"From jotting down thoughts came the idea of having some text as a friendly companion – rather like a personal trainer."
There is always an inherent danger in playing the same violin warm-up routine – of doing it mindlessly instead of with full attention. That way you can end up practising imperfections until, without noticing, you have mastered the imperfect. For many performers and teachers, who lead busy professional lives, it can be difficult to find time to keep technique clean and comfortable. And on the road we don’t want to be carrying around a lot of heavy books of exercises and studies.
Over the years I’ve developed material to refine my practising and use of violin technique, covering elements that address the exact point of difficulty in specific kinds of musical passages. We don’t need hours and hours of technique practice once we’ve acquired good technique; we just need to keep it going ergonomically.
Violin Technique in Practice began for me as a way of having technique exercises and short studies that provided variety, in a single volume. While away from home, I often improvise exercises, sparked off by something I’m rehearsing or teaching. So, I started writing these down, eventually grouping them into ten sets to create a technical progression. The first two sets have material that can be introduced to late intermediate players; but as these contain exercises that are very exposing of technique, they are equally useful for advanced players and professionals in helping to spotlight unhelpful things that might be creeping imperceptibly into their playing.
From jotting down thoughts that reminded me what to focus on in each exercise, came the idea of having some text as a friendly companion – rather like a personal trainer. And the short ‘tech-synthesis’ studies, which pull together techniques at the end of each set, were designed as both a challenge and a treat.
Creating weightless balance
Before I pick up my violin, my normal warm-up starts with a “weightless balance” exercise, a methodology I developed for string players. We often have to play for long periods of time without a break, so it helps to know how to access a feeling of physical lightness in extended and energetic passages. The idea for this weightless balance technique stemmed from the version I learned in Dalcroze classes at the Royal College of Music, where, as it happened, everyone else in my group was a singer! (We were taught by the inspirational Elizabeth Vanderspar, who had studied with Jacques Dalcroze.) How to zone into this feeling of weightlessness is explained at the beginning of the book, as part of the one-minute pre-practising preparation.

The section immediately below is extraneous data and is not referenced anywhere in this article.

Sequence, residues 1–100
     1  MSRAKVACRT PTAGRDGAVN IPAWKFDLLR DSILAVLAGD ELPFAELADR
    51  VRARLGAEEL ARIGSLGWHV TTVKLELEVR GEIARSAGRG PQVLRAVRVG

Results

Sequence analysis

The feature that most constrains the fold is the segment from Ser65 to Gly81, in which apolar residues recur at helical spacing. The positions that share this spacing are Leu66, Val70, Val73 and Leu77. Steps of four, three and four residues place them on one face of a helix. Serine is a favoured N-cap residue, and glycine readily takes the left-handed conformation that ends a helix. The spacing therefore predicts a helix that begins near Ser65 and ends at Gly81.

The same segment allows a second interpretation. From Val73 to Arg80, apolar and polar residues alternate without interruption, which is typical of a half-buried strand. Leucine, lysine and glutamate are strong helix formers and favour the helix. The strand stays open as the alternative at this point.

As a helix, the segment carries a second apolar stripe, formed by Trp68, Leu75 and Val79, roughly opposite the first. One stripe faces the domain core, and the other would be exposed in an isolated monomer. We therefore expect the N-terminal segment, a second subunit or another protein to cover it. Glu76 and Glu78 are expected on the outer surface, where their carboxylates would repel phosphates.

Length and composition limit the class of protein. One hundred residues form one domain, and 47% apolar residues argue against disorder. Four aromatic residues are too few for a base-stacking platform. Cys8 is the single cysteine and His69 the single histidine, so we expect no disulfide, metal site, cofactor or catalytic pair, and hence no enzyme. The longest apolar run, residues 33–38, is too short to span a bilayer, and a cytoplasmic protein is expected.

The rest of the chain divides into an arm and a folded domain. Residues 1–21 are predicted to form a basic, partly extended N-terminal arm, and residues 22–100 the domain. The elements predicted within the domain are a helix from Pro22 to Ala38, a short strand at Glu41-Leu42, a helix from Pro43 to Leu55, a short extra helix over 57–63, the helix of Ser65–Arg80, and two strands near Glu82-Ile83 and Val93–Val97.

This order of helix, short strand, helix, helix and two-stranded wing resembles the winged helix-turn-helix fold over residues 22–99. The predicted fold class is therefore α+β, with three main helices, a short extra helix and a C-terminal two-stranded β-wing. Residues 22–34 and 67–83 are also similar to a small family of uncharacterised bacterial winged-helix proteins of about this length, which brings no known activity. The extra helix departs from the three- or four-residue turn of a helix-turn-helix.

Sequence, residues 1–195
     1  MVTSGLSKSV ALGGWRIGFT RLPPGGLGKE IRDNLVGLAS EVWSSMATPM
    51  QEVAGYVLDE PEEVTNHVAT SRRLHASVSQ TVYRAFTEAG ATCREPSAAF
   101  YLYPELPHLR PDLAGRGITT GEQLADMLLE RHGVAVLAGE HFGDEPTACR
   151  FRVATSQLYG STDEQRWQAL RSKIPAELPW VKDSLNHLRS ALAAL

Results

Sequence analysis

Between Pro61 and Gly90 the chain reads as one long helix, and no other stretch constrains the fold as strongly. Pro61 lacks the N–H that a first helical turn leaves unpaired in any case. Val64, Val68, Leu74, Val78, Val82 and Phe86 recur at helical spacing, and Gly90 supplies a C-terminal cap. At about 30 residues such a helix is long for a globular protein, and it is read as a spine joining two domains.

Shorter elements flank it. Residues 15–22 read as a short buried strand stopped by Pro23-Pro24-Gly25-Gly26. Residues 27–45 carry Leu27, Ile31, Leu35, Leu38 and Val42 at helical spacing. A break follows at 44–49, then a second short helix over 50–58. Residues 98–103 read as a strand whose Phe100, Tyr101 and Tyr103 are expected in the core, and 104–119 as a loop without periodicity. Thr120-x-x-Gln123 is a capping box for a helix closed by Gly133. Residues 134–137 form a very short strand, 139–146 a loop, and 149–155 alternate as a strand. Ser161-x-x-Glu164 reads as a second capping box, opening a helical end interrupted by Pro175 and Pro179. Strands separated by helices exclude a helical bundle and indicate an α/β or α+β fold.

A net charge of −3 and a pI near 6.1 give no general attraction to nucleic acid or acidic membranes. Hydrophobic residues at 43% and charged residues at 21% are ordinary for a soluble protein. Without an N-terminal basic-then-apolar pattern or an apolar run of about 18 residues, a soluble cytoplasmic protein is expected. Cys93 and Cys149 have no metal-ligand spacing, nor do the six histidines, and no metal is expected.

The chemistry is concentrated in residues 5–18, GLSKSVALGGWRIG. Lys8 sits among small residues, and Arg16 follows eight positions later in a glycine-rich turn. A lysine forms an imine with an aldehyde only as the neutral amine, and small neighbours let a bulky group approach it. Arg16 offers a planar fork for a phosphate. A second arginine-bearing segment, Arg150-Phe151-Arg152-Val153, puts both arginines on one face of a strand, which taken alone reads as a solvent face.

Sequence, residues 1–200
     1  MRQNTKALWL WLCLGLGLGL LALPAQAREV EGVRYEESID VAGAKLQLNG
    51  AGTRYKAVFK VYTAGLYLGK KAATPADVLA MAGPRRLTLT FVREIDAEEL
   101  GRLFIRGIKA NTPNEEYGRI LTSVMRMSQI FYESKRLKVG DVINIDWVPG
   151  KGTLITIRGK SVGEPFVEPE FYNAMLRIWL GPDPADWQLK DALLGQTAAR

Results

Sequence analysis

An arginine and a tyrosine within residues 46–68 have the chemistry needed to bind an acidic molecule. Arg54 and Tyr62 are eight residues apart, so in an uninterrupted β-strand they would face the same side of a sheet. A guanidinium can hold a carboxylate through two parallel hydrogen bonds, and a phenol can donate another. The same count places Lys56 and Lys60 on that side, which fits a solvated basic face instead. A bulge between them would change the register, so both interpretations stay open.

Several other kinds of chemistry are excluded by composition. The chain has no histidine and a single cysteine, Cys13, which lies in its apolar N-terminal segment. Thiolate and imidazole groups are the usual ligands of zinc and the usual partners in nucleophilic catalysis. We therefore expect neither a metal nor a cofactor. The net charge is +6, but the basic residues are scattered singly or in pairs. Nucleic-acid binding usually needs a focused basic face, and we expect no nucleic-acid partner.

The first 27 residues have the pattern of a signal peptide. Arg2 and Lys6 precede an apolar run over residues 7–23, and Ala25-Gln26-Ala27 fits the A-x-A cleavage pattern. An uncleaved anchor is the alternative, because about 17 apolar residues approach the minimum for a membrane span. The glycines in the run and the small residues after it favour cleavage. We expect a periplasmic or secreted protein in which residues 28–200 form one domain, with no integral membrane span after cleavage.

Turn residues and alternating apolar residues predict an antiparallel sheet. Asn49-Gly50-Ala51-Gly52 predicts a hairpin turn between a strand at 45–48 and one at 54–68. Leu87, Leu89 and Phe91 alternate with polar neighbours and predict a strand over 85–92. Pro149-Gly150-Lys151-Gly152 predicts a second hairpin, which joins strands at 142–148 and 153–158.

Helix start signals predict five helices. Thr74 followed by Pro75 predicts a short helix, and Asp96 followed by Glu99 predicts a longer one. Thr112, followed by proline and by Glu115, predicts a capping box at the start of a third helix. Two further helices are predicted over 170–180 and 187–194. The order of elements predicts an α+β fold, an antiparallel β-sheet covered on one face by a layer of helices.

Autopilot can help...
From the late intermediate stage onwards, technical and musical demands suddenly increase exponentially for violinists. At times when there is so much for the brain to absorb all at once, we need to allow it to retain things in a retrievable way. Some of what we are doing needs to rely on our muscle memory, but for this to happen effectively we first need to know what to focus on, and how to focus. Having well-learned techniques that we have on autopilot allows space for the musical imagination to function; conversely having inadequately practised technique stored in our subconscious can get in the way of communicating musical expression. You’ll find more information in Violin Technique in Practice about how our brain works when we are practising.